Learn why values form the vital foundation of any organization's culture and how to use values to support thriving teams. Here's what the research says…
"Effectiveness without values is a tool without a purpose." —Edward de Bono
When members of an organization are accomplishing meaningful work together from an underlying foundation of shared core values, purpose grows and teams become more effective. Leaders who strengthen Value Congruence and Person-Organization Fit find many benefits from shared Core Values:
When people feel their organization holds strong values and that those values align with personally-held values, commitment to the organization increases15,22. Researchers find that the link between values and commitment is strongest when values center on humanity and vision8; these values include1:
Perceived overlap between organizational and personal values correlates with greater trust, better communication, and stronger attraction to the organization6. Shared Core Values build trust, communication, and affinity because they help to:
Clear shared values and value congruence lower anxiety, work stress, and increase ethical practices17.
Job stress puts people at risk of burnout especially in some types of work. Burnout is a stress syndrome in response to work that includes emotional exhaustion, depersonalization, and feelings of diminished personal accomplishment. Improving value congruence and person-organization fit mitigates burnout19.
Researchers find that core values play a key role in predicting both burnout and engagement. When mismatched, core values contribute to burnout and decline, and when organizational and personal values are congruent, they bolster performance and efficacy14.
Researchers find that high levels of Person-Organization fit increase tenure and reduce turnover19. Strong value congruence supports work satisfaction and longevity.
Perceived fit and value congruence impact active job seekers' job preferences—beyond the job's benefits (i.e. rewards, job security)4. Both organizations and job seekers seek people who embrace shared assumptions, beliefs, and values18.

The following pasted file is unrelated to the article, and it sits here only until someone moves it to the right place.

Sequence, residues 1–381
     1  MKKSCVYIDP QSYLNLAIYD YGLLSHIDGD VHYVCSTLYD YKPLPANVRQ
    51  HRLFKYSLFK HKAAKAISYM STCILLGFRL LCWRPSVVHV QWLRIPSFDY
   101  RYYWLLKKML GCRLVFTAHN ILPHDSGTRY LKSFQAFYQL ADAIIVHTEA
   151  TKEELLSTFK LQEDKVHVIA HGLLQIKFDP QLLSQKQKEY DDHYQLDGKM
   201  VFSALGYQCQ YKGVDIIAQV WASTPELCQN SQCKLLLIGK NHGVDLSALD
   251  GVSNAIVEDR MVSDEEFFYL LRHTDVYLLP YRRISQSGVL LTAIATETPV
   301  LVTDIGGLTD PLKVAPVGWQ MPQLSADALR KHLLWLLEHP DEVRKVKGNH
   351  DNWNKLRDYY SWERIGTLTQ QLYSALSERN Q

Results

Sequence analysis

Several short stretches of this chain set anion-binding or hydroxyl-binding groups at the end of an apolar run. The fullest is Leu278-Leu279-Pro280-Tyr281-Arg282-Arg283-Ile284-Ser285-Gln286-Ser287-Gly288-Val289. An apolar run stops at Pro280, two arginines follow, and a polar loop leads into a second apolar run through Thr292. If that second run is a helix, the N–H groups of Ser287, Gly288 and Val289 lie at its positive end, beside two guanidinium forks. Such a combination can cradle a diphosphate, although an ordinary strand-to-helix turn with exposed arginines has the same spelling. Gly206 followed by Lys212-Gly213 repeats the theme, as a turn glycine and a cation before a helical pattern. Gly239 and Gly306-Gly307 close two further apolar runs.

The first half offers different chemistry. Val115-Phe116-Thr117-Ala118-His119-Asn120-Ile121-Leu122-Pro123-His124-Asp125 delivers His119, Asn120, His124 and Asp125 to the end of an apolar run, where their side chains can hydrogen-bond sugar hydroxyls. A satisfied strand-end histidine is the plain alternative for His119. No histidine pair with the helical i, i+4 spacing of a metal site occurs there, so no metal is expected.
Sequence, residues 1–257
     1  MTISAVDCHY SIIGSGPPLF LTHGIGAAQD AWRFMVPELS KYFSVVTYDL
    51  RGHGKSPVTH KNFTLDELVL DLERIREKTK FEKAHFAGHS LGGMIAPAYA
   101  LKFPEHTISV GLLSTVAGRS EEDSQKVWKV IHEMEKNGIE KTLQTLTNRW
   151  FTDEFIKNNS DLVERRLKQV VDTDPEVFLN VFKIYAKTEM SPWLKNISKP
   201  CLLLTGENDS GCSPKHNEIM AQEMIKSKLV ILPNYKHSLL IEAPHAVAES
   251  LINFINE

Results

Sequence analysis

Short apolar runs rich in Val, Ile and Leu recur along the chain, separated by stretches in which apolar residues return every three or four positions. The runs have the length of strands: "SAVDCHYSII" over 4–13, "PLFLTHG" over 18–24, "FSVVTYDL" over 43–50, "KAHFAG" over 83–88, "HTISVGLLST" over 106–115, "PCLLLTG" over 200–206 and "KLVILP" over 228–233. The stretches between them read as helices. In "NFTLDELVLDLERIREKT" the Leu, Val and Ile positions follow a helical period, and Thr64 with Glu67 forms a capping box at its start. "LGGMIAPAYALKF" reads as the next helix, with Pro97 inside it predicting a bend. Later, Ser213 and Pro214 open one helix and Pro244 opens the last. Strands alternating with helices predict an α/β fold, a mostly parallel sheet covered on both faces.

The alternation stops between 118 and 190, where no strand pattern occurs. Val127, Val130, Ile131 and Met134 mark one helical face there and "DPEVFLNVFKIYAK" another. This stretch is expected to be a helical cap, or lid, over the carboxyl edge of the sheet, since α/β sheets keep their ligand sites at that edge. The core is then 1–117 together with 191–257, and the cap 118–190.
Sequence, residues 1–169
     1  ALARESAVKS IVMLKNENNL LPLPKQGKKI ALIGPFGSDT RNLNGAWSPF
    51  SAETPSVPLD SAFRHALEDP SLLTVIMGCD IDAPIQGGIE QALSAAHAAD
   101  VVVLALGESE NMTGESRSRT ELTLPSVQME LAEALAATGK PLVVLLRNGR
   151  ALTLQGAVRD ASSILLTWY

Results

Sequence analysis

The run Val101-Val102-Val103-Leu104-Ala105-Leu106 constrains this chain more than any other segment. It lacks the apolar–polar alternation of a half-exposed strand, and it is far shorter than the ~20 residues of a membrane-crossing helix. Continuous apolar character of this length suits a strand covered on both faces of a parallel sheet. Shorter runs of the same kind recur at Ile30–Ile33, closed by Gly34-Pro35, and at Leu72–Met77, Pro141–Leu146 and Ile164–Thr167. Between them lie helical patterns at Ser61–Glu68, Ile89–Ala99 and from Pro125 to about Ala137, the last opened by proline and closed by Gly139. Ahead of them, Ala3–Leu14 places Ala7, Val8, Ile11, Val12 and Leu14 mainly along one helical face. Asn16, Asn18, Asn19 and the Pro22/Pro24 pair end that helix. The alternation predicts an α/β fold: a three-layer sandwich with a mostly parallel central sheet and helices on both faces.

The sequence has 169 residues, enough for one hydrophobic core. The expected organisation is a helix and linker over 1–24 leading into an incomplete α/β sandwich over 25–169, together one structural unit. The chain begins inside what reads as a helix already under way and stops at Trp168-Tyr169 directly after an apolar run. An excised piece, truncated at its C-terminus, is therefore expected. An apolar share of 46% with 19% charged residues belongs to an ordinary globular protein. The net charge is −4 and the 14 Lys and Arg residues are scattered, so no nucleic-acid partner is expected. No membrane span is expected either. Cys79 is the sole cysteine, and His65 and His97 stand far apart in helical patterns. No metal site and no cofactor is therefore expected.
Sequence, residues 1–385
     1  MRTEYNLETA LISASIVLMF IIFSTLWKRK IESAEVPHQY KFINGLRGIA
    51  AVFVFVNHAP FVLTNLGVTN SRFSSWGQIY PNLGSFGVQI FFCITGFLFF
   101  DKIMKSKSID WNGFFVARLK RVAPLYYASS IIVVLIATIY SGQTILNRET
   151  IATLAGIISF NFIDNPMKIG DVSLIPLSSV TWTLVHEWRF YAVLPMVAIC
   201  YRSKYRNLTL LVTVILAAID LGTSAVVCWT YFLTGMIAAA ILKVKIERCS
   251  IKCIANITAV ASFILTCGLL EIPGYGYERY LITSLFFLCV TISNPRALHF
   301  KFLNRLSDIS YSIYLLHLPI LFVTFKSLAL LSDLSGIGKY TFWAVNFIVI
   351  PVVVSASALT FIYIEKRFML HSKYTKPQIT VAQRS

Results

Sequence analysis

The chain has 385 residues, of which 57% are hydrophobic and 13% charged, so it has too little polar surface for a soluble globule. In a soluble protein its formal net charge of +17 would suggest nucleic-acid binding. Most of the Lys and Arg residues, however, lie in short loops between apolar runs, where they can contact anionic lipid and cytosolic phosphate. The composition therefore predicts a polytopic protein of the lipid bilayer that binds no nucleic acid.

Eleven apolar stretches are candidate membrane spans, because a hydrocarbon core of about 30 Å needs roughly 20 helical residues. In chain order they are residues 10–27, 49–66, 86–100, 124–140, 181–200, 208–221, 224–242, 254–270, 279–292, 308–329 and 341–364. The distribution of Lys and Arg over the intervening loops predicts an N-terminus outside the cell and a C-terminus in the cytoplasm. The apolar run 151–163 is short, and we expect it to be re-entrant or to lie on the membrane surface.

There are two types of performance to consider:
The impact of shared values goes beyond people's attitudes towards their job and their work. Shared values positively influence both task and contextual performance9. Additionally, Person-Organization fit indicates strong contextual performance from employees12.
When it comes to values, authenticity, dialogue, and shared understanding matter. When team members work to articulate important values that relate to important decisions and to align on how to understand and apply those values to their decisions, true alignment and consensus become possible. In contrast, when a team glosses over values at a surface level without building a deeper shared meaning, superficial conformity threatens. This paradox between values fit and conformity creates an ongoing, yet manageable, tension in organizations18. Thinking of values alignment as an ongoing active discussion, and not a destination to take for granted, helps leaders and teams to avoid mindless conformity.
Organizations are most successful at managing this paradox when leaders create an emphasis on values-driven decisions, actions, and interactions and help people feel comfortable expressing deeply held values as a driver for choices and proposals. When values are central and openly expressed, people make more meaningful contributions:
The dark side of the shared values paradox is conformity. Leaders who shape values tightly and direct behavior with no flexibility or continuing dialogue create situations where employees conform to a façade, rather than a deeply held and authentically shared set of beliefs. Conformity18 leads to:
Unfortunately, only 27% of employees strongly agree that they believe in their company's values, and 23% of employees strongly agree that they can apply their organization's values to their work every day5. Leaders can enable teams to thrive using stories to bring Core Values to life and cultivate an environment to discuss, debate, share, and align around Core Values and sustain high-impact performance.